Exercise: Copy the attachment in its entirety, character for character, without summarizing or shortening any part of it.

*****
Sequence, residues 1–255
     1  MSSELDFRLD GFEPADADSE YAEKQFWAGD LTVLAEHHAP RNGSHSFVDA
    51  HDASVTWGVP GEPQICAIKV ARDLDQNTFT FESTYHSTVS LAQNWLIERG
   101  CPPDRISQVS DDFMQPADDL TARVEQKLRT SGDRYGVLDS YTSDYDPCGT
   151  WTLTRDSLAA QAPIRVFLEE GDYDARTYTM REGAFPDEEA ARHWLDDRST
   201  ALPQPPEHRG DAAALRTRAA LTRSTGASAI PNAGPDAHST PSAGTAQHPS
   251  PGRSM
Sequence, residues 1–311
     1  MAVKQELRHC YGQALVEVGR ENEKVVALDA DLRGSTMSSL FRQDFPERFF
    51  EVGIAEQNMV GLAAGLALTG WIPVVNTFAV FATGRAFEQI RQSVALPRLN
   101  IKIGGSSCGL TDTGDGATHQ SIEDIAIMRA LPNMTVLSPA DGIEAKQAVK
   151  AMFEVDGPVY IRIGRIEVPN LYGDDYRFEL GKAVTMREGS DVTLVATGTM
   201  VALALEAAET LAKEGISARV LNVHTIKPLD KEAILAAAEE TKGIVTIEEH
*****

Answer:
Sequence, residues 1–255
     1  MSSELDFRLD GFEPADADSE YAEKQFWAGD LTVLAEHHAP RNGSHSFVDA
    51  HDASVTWGVP GEPQICAIKV ARDLDQNTFT FESTYHSTVS LAQNWLIERG
   101  CPPDRISQVS DDFMQPADDL TARVEQKLRT SGDRYGVLDS YTSDYDPCGT
   151  WTLTRDSLAA QAPIRVFLEE GDYDARTYTM REGAFPDEEA ARHWLDDRST
   201  ALPQPPEHRG DAAALRTRAA LTRSTGASAI PNAGPDAHST PSAGTAQHPS
   251  PGRSM
Sequence, residues 1–311
     1  MAVKQELRHC YGQALVEVGR ENEKVVALDA DLRGSTMSSL FRQDFPERFF
    51  EVGIAEQNMV GLAAGLALTG WIPVVNTFAV FATGRAFEQI RQSVALPRLN
   101  IKIGGSSCGL TDTGDGATHQ SIEDIAIMRA LPNMTVLSPA DGIEAKQAVK
   151  AMFEVDGPVY IRIGRIEVPN LYGDDYRFEL GKAVTMREGS DVTLVATGTM
   201  VALALEAAET LAKEGISARV LNVHTIKPLD KEAILAAAEE TKGIVTIEEH